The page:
Gender equality in the judiciary has been historically unbalanced, including at the International Court of Justice (ICJ), the principal judicial organ of the United Nations.
The first woman to be elected as a member of the ICJ in 1995 was Dame Rosalyn Higgins, who in 2006 also became the first female President of the Court.
Today at the ICJ, also known as the ‘World Court’, four out of 15 judges are women, including the President of the Court, Joan E. Donoghue. In total, the Hague-based Court has had five female judges in its history, compared to 106 male judges.
Women’s participation in the judiciary is essential to ensure courts reflect the makeup of society and address citizens’ concerns. Women judges enhance the legitimacy of courts, sending a powerful message that they are open and accessible to all those who seek justice.
To mark the International Day, the United Nations in Western Europe interviewed three of Court’s judges: Hanqin Xue, Judge at the ICJ since 2010 and Vice President from 2018 to 2021; Hilary Charlesworth, Judge at the ICJ since November 2021; and Dame Rosalyn Higgins, Judge at the ICJ from 1995 to 2009 and President from 2006-2009.
“The fight for women’s emancipation has been going on for a long time. Yet, the Court did not have a woman judge until 1995. That is late. It is high time to recognize women’s achievements, women’s contributions and their competence and talents in the international field,” said Judge Hanqin Xue.
Find the full version of this interview here, as originally published by the UN Regional Information Centre for Western Europe (UNRIC).
UNRIC: How would you describe the progress of gender parity at the ICJ, or more broadly in the judiciary?
Hanqin Xue: So far, not even a third of [ICJ] judge members are women. It is high time to recognise women’s achievements. The United Nations has been playing a key role and is a driving force to promote gender parity. You have to educate people constantly about gender parity to counter the traditional bias regarding women professionals. It is not a question of numbers, it is a question of attitude. If you have three or five or half of the members being women judges, it doesn’t make too much of a difference. When people no longer pay attention to the numbers of women judges, that means it is no longer an issue. And currently, we still have a gap to fill.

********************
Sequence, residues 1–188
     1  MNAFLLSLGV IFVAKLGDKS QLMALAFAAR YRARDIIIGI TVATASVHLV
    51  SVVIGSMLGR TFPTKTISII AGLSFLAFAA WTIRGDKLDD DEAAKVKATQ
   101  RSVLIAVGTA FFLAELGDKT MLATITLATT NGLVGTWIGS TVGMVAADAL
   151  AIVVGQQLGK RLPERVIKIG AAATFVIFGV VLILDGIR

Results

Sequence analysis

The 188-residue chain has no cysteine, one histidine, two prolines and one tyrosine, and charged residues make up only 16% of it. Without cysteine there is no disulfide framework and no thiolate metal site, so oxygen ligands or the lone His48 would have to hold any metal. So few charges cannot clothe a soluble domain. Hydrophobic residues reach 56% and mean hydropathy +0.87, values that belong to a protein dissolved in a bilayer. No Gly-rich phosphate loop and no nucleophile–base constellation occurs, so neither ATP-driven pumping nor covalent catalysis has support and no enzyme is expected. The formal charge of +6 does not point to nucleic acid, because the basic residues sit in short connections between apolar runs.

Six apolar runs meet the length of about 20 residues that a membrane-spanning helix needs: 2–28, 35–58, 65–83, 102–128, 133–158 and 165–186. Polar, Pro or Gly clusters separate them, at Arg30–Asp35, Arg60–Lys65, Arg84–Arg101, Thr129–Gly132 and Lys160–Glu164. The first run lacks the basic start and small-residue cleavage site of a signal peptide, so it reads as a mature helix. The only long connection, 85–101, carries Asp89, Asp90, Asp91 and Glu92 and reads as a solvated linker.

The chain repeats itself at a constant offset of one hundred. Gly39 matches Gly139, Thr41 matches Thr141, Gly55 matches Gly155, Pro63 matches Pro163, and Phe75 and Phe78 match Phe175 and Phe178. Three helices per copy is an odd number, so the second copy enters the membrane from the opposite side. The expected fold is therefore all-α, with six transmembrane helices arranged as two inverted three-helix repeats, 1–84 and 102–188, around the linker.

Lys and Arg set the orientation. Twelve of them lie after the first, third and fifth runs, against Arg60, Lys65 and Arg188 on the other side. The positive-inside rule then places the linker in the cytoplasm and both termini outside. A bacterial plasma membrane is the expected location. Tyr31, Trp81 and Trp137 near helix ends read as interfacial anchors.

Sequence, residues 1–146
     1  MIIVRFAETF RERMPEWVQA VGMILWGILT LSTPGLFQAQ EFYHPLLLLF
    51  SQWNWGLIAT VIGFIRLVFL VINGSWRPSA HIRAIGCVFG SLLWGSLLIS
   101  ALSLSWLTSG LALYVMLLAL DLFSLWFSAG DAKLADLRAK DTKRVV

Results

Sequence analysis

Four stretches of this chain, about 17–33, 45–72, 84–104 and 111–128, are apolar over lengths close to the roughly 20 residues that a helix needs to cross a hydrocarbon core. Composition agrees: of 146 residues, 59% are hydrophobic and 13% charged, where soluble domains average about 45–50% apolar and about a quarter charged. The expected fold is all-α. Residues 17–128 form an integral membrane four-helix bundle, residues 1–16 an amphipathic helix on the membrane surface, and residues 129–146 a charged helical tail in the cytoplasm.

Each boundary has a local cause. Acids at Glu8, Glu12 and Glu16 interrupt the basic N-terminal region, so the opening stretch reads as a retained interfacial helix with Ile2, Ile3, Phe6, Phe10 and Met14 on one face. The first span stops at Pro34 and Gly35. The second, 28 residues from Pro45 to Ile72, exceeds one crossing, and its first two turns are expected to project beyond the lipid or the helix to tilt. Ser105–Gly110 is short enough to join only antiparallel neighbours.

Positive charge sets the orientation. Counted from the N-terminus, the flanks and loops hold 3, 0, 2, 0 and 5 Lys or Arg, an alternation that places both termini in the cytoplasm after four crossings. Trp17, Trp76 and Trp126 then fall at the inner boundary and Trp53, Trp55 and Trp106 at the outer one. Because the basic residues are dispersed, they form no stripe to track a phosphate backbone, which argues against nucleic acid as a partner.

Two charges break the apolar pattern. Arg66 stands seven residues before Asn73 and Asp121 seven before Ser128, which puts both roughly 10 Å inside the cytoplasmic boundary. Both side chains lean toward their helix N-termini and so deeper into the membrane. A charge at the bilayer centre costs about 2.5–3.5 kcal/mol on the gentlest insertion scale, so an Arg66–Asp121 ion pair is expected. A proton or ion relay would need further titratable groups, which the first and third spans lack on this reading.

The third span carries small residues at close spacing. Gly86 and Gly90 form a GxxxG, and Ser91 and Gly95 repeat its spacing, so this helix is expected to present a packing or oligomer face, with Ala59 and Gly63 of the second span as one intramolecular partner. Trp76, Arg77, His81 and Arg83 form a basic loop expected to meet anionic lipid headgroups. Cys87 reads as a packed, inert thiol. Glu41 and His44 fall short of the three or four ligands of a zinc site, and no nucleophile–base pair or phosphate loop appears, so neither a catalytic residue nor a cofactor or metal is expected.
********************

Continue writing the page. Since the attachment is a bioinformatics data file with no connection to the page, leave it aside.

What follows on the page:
Hilary Charlesworth: In the 28 years since Dame Rosalyn Higgins was first elected to the Court, there have been four more women elected, including me. This indicates quite slow progress. There are elections to the Court this year, but it is likely that the number of women judges will either go down or will remain the same, so I don’t think progress is secure in that way. In the future, I would like to see a faster rate of change. The UN system is committed to 50-50 gender parity at all levels, and I would like to see the Court achieve that. Of course, that is not up to the Court itself, but to national groups who are responsible for nominating judges and the States supporting those nominations. In the longer term, I would like to see the day when the election of women judges to the Court is not a matter of comment, when it is just taken for granted.
Dame Rosalyn Higgins: For women to be able to get to that position, they have to be extremely hard-working and very able. However, I am for quality and if the best person is a woman that is splendid, if the best person is from an ethnic minority, that is splendid, but I am not looking for gender parity. The public does expect that a court handing down judgements that might affect them, or their relatives, or issues they care about, should be handed down by people who don’t look different from themselves. There must be diversity to reflect society, not on a parity basis or on a percentage basis, but to represent more generally the population by having the most capable people out there.
UNRIC: What kind of initiatives could be implemented to ensure that State parties take all appropriate measures to ensure women, on equal terms with men, can participate in judicial work, and the work of the Court?
Hanqin Xue: In order to see more women judges elected to the Court, it is important to start at the national level, because the national groups are nominating candidates. Each national group should keep gender parity in mind. It is high time we put this at the top of the agenda at States’ level. And secondly, it is necessary that due consideration is given to competent women candidates at UN level, where members [of the ICJ] are elected by the Security Council and General Assembly.
Hilary Charlesworth: Articles 7 and 8 of the Convention on the Elimination of All Forms of Discrimination against Women (CEDAW) are two important provisions calling on States parties to the Treaty to ensure equality of women’s access to public life nationally and internationally. Article 8 specifically calls on States to take all efforts to ensure equal opportunity for women to participate in the work of international organisations. This is very relevant to the Court. In addition, the 6th Committee of the General Assembly, the Legal Committee, could encourage States to nominate more women for election to international courts and tribunals.
Dame Rosalyn Higgins: Part of the answer lies with State parties. During the early part of my time at the Court, the Secretary-General made a formal statement that States should, where they see the possibility, recommend a woman for a senior post, if the woman was of comparable quality. He was not just talking about courts but about the UN system generally. The other part of the answer lies with education. The problem goes right back to opportunities and development in school years, if women are to come forward later on the basis of quality. It is important that girls have the same advantages in schools as boys do. So that at a later stage, women can come through top law schools.